Sara was mumbling something about the possible need for her to pull out early because her horse was going too fast for its own good. This was not the first time that I had heard that sort of comment from an accompanying rider. Joe was at this point going like a steam engine. Finally I had to let him go, it was the only way and off we went at the gallop and an uninhibited gallop it proved to be. Riding Joe at the gallop can be quite hairy. The rider is very well aware of the mass, almost 700 kilos, which is moving forwards at speed and that the rider has little or no control over Joe once he gets going. One can’t slow him, you simply haven’t got the strength in the arms. The best way to bring him back into canter is to aim him at a hill with the view to tiring him but if a flat level path stretches out in front of you both, then you are going for a fast ride and make no mistake about it. The first stretch of galloping I managed to contain. The rider on the arab, still following on behind, was invited to overtake us, the idea being that we would walk on and follow. But the lull didn’t last for long . Soon Joe was off again.
The second gallop came to a halt when the aforementioned lady on the arab, who had obviously heard a commotion behind her, stopped and blocked the path by placing her horse across the path. I was amazed. The lady sat there calmly at right angles whilst Joe charged up towards her. We stopped literally with an inch to spare before we might have crashed into her. I listened to a lesson from the lady about Pelham bits and martingales and the need to change tack set ups for different types of outing. What she said was nothing new to me. Eventually the lady headed off down the track on her very obedient horse and so, in politeness, I held Joe back to give her room. That lady would have been tricky to stay alongside in an amicable fashion. Joe, did manage to hold back for a bit, but then, all of all sudden, up went his nose, down went his head, the reins came out of my hands and Joe was off at the full bolt. Sara, became a long forgotten memory. By now I had no strength left in his arms and shoulders. I could barely hang on to Joe. Together we went charging down the next stretch of path, completely and utterly out of control and at full tilt. But just around the next corner there stood this stack of straw bales with tyres laid over the top. There was no way around. Joe can’t in the training arena step over a pole nine inches off the ground without kicking the pole with one of his four feet. How were we going to take this lot? I knew that there was no option, it was either over the obstacle at the gallop or through it at the gallop. In the event we sailed over it.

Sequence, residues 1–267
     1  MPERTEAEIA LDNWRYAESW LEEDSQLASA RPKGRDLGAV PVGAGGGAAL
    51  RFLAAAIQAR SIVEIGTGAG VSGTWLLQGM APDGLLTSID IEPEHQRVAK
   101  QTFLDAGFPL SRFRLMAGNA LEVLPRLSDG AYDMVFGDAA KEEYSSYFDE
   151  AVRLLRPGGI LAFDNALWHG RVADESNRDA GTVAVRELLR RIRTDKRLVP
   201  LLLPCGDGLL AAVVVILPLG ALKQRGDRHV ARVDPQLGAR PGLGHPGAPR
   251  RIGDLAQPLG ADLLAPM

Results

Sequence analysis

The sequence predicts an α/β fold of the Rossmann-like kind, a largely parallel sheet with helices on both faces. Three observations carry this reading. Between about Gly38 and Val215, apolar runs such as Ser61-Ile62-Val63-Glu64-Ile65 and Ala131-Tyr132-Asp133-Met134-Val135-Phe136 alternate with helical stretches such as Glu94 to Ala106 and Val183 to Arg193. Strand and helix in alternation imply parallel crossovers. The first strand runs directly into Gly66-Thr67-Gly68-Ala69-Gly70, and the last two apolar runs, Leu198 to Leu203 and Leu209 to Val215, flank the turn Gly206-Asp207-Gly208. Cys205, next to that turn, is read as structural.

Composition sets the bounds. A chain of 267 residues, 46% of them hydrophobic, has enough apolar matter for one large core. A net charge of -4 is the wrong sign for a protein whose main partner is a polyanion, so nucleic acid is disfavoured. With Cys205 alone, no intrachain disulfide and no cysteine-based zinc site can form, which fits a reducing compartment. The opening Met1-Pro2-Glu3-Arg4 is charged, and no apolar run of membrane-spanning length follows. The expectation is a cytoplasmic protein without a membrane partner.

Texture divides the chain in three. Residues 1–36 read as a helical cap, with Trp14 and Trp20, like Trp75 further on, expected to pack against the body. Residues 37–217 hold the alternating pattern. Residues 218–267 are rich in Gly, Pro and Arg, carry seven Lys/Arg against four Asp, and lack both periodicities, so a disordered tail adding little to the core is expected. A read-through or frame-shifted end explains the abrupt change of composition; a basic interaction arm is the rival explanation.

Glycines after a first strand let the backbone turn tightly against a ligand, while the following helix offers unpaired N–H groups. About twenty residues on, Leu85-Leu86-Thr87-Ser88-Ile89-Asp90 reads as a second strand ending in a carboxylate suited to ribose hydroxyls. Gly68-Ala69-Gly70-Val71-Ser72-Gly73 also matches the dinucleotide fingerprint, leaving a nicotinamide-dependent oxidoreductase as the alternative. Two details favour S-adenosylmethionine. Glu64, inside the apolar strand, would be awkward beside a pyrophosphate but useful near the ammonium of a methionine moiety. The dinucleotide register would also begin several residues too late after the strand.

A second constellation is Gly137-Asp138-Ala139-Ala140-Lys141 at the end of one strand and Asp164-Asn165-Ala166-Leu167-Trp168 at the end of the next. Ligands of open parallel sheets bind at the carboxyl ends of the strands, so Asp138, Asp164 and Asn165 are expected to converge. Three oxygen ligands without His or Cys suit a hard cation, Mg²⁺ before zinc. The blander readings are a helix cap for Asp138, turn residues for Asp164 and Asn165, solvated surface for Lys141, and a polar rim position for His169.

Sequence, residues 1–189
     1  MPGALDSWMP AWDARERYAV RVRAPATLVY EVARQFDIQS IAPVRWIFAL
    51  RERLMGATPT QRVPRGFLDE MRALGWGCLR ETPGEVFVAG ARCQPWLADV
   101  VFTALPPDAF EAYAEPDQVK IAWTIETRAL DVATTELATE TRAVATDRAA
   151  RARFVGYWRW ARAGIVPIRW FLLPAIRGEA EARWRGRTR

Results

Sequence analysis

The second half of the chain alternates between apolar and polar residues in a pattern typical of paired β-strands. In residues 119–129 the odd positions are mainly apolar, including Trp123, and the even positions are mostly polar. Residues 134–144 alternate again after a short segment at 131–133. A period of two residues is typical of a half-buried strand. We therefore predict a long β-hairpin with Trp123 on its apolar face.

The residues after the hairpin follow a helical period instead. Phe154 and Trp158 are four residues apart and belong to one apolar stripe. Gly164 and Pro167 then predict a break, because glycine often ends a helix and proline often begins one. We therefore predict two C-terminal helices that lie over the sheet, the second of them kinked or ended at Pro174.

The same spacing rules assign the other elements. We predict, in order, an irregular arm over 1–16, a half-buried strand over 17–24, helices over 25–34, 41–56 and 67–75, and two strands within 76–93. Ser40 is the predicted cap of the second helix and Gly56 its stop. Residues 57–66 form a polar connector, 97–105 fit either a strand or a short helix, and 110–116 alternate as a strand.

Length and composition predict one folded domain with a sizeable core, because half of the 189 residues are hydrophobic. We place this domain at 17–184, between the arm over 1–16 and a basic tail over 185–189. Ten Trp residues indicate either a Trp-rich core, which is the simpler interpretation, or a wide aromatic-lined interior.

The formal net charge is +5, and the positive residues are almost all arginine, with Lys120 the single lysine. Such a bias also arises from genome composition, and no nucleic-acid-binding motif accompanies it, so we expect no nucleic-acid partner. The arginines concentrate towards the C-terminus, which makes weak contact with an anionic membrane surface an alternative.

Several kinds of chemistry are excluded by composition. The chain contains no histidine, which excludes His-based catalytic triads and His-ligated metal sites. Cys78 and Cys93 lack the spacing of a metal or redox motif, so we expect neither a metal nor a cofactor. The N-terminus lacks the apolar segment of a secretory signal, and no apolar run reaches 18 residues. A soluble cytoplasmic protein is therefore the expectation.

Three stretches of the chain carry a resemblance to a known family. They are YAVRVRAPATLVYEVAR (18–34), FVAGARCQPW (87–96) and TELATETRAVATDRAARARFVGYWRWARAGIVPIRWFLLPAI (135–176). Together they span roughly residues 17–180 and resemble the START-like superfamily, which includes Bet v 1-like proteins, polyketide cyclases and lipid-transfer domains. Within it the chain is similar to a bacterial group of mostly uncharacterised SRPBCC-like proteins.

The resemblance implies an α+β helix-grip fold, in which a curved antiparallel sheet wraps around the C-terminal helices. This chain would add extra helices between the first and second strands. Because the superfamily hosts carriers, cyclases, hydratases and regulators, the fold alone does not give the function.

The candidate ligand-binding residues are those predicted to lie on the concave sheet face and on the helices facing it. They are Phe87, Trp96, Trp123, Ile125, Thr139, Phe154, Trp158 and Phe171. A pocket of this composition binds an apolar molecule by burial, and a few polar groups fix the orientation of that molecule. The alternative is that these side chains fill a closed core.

We did not stop and we galloped on.